The Kaus matrix has its limits as a voters’ guide: We will not know the final outcome of the congressional sweepstakes when we cast our presidential ballots, and in any event the next President’s partisan adversaries in Congress are likely to have enough clout to block radical innovations even if they are in the minority. In addition, there is (or at least there used to be) something special about the role of the presidency as a symbol of political and moral leadership, something transcending partisan alignments and the merits of any particular policy mix.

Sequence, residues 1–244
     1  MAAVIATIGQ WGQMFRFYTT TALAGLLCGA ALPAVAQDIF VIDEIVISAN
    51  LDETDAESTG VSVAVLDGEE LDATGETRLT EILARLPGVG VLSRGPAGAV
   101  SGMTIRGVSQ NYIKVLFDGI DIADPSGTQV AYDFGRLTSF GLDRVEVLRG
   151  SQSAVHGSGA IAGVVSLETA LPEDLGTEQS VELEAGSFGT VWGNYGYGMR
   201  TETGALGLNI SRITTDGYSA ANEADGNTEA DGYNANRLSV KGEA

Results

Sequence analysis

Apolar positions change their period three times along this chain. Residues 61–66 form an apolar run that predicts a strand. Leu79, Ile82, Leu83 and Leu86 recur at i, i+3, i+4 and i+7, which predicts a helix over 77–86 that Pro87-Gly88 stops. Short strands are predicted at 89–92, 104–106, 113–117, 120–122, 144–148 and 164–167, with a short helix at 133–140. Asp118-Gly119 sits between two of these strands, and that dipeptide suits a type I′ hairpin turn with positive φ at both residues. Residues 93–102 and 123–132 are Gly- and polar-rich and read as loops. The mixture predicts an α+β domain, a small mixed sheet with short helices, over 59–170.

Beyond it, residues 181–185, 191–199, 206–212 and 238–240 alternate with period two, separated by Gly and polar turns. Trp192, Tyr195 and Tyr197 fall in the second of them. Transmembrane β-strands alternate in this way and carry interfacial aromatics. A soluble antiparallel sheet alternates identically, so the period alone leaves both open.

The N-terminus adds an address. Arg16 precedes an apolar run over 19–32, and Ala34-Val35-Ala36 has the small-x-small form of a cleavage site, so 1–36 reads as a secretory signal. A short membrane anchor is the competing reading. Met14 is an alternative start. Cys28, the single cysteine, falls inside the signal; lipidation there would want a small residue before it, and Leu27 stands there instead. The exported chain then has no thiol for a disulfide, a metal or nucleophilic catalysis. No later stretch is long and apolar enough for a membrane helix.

The Kaus matrix may hold little charm for voters who agree with columnist Michael Kinsley that Bush is either "a moron" or "a man of impressive intellectual dishonesty and/or confusion [whose] policy recommendations are often internally inconsistent and mutually contradictory." Likewise for voters who think that (as a thoughtful conservative puts it) Gore has proven to be "alarmingly less honest, and more prone to distortions and deceptions, than we have come to expect of our politicians," and who believe that the whole Clinton-Gore crowd has to go "to put an end to the last eight years of scandals and half-truths and lies."

Where does this leave those who find merit in both critiques? Well, nobody ever promised us that voting would be fun. And we can console ourselves with the thought that perpetuating partisan gridlock is not only the most probable possibility, but also the most propitious.